The not-so-black art of HTML

IMAGE OF COMPUTER WIZARD HTML is not very hard to write. It's a lot simpler than a programming language. The basic purpose of HTML is to format text. If you look at Reveal Codes in WordPerfect, it's a lot like HTML. The difference is that WordPerfect uses special characters to format text. HTML just uses text inside angle brackets like these: <> That means that virtually any text editor or word processor can create HTML.

I call the raw text, complete with visible tags, the "source code", and I call what you see with a browser the "published version". Let's take as an example, the phrase This sentence contains italics.. If that sentence is in an HTML document, the browser will show it like this: This sentence contains italics. The tag for italics is <I>. If we add the italic tag to the source code, it looks like this: This sentence contains <I>italics</I>. The first tag tells the browser where to start using italics, and the second tells the browser where to stop using italics. All of the commands to stop doing something begin with a slash (/). The published version looks like this: This sentence contains italics.

One of the best ways to learn html, in my humble opinion, is to look at source code that other people have written. In Netscape, the View Source command will show you the source code of whatever document you're viewing, and the Save As... command will copy the source code (but no pictures or anything) to your own computer, so you can study it.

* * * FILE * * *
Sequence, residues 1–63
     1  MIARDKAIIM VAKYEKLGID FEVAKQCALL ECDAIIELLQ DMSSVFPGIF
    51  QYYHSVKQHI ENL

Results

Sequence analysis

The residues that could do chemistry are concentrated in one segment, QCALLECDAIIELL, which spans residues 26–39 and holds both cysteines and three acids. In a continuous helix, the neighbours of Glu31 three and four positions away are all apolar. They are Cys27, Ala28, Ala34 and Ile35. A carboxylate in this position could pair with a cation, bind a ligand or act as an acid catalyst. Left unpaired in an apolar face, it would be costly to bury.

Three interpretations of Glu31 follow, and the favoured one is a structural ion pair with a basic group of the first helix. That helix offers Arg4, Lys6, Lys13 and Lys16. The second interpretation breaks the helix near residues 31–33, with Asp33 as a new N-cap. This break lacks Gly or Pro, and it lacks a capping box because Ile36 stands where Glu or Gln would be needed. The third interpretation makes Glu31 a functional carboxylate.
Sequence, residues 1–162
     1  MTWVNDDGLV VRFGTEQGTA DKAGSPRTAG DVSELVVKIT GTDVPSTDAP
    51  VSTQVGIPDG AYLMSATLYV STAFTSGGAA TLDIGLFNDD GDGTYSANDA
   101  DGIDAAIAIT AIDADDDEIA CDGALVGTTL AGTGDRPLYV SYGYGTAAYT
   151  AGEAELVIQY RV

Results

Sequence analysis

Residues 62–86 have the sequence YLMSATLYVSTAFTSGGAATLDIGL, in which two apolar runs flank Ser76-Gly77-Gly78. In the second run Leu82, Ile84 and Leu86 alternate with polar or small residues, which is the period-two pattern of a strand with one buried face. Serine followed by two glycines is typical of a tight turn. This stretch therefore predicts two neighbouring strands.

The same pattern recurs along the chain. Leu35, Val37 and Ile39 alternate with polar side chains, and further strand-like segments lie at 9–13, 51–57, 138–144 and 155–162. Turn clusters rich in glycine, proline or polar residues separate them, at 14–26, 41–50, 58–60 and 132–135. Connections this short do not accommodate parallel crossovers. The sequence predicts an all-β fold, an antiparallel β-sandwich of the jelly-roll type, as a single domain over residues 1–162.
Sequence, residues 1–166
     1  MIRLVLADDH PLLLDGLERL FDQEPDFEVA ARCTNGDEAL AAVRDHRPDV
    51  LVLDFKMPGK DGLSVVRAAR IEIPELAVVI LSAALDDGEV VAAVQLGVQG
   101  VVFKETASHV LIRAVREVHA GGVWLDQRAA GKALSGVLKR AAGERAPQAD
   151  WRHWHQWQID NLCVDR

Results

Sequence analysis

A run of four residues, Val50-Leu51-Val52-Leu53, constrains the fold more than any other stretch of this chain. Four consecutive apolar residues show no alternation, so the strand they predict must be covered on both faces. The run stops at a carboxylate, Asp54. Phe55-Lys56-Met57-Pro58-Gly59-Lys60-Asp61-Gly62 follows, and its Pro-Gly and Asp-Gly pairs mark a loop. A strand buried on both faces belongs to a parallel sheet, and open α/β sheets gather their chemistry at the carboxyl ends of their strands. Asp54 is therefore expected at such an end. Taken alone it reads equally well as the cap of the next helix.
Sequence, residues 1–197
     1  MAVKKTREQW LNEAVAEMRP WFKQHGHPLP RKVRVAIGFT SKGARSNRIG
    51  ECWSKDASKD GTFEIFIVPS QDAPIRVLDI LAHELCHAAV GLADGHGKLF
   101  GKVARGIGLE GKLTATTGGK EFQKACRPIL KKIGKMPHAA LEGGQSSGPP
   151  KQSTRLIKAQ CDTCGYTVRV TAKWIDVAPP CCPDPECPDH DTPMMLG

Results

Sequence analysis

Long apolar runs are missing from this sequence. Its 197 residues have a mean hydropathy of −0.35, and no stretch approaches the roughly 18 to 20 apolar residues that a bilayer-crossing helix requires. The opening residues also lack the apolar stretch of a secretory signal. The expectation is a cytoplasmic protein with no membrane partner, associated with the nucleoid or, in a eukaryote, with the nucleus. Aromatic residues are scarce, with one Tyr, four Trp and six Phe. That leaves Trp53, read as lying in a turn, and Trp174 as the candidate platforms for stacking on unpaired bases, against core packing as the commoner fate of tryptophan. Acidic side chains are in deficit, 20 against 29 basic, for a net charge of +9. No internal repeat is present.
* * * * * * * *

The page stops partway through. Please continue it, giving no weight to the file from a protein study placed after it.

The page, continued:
I made great effort to point out earlier that you don't actually need special tools to write HTML. On the other hand, they can be quite handy and speed things up. Myself, I use HTML WRITER, plus The HTML Reference Library--a great list of HTML tags in Windows Help format. I use LviewPro 1.B2 to make appropriate parts of my pictures transparent. These and other tools can be found at the TUCOWS list of TCP/IP software under Web Authoring Tools.

That should be enough info to get you started. For more information, click here. Good luck with your web page.

© Copyright 1995 Aaron Bentley. Permission granted for non-commercial distribution, provided text content (including this copyright notice) is not modified.